Much of the evidence coming out of the Mars missions lately have not been in favor of life being found. This is in spite of the obvious presence of liquid water on the Martian surface in the past.
    Worthy of further investigation to be sure !

  34. Chris says:

    Right on, Robbi. There’s star stuff out in the Universe put together alot earlier than us, any telescope on Earth will show this. They already had Uranium while we were still messing around with Lithium. What is really fascinating is that there is a good chance that there are more neuron cells in our brains than there are stars in the Milky Way Galaxy. The future destiny of Mankind is far more precious than where he travels and what he meets. Good thinking, Robbi

  35. Steven says:

    # RobbiNewman Says:
    May 15th, 2008 at 12:47 am

    Chances are… life on other planets will discover us before we discover them.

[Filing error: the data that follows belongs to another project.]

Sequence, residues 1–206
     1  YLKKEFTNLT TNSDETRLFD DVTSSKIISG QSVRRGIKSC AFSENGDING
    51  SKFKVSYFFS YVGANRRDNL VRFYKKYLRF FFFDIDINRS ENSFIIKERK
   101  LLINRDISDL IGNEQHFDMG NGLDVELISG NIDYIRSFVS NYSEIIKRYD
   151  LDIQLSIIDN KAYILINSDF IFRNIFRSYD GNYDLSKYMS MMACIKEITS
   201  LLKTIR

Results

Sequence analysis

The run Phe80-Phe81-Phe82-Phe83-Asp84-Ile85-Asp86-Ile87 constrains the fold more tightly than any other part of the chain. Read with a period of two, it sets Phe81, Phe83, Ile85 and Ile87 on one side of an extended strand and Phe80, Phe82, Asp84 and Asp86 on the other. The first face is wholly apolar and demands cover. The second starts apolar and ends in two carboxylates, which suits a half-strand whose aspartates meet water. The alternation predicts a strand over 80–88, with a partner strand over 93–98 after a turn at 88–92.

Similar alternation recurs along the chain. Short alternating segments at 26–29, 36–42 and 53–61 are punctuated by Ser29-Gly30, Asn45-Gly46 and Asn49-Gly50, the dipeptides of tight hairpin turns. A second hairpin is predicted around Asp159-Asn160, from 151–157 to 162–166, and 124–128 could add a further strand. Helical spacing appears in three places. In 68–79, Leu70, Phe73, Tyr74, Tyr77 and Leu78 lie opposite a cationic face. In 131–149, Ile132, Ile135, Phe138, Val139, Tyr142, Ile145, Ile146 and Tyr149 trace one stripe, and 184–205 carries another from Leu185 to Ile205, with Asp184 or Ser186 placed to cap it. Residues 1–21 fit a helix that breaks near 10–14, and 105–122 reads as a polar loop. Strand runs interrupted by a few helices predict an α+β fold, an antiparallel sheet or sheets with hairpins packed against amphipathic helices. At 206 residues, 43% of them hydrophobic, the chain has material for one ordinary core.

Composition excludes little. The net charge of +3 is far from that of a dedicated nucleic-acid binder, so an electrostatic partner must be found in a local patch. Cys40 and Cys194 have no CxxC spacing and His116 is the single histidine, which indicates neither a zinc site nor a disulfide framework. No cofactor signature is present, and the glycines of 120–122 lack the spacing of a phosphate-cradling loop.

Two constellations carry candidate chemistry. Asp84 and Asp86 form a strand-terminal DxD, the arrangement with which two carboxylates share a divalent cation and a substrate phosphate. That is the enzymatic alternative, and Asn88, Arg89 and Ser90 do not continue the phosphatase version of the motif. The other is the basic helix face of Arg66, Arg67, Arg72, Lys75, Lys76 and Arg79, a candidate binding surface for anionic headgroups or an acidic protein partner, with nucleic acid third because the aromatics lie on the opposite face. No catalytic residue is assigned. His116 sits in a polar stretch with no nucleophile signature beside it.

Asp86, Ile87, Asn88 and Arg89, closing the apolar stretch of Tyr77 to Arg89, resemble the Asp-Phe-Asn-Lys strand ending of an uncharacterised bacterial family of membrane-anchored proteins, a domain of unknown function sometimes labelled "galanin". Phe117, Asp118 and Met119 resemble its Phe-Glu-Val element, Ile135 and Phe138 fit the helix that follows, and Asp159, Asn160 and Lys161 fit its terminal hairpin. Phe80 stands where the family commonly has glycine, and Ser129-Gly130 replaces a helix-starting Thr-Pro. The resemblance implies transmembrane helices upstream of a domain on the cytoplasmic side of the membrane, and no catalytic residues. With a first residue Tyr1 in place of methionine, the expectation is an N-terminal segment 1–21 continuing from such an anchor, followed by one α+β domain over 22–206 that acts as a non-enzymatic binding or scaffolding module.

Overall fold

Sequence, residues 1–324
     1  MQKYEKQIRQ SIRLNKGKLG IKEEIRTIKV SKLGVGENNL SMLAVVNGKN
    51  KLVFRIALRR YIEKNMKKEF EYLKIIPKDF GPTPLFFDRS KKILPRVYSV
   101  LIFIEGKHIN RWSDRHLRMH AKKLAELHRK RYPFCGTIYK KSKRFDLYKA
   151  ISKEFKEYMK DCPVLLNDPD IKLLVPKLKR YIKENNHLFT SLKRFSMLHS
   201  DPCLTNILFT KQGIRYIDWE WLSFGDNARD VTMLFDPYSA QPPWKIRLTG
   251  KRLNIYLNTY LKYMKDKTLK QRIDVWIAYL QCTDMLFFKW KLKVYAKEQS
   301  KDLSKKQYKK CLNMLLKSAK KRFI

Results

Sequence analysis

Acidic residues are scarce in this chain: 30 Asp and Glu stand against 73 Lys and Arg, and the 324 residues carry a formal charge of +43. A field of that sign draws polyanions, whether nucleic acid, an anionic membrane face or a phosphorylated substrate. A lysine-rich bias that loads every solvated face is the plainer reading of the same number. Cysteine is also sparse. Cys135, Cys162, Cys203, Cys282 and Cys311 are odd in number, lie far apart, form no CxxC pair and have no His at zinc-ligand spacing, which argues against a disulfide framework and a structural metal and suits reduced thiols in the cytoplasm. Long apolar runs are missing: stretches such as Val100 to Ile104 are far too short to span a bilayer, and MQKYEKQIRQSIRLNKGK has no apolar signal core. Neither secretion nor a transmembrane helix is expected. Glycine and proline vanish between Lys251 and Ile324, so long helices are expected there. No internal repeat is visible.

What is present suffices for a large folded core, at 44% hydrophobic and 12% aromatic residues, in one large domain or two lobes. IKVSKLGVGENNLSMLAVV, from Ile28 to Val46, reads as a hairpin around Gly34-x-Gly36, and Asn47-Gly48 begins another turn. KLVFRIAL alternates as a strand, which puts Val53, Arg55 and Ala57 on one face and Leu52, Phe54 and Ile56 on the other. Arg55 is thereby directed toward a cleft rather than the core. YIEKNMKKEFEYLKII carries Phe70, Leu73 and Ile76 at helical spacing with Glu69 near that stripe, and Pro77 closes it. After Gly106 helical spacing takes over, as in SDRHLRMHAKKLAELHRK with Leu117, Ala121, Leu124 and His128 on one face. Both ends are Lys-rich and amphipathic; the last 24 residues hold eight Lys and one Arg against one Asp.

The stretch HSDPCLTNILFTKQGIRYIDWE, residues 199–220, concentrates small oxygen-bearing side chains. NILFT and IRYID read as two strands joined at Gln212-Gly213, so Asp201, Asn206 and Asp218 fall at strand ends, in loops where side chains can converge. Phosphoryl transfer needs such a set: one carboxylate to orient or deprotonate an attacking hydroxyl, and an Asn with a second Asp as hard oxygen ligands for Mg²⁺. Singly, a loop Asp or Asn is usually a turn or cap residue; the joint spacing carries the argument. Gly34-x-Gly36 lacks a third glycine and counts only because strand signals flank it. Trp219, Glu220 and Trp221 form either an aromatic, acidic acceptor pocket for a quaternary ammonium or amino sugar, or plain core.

Yeap I agree and that already happened with the ALH 84001 find, life on Mars came to us, and we just looked the other way.

    Very rude we are. 🙂

  36. CyclonusRIP says:

    At the end of the day one has to realize that life on earth is just one example of how life can evolve. Life on other planets could have followed a completely different path and not be subject to any of the conditions that need to be present for earth based lifeforms. The reality of it is that as science progresses, even on our planet, we are finding new forms of metabolism we never imagined would exist, and we are finding them because we finally bothered to look in places that people nearly universally believed it couldn’t 50 years ago.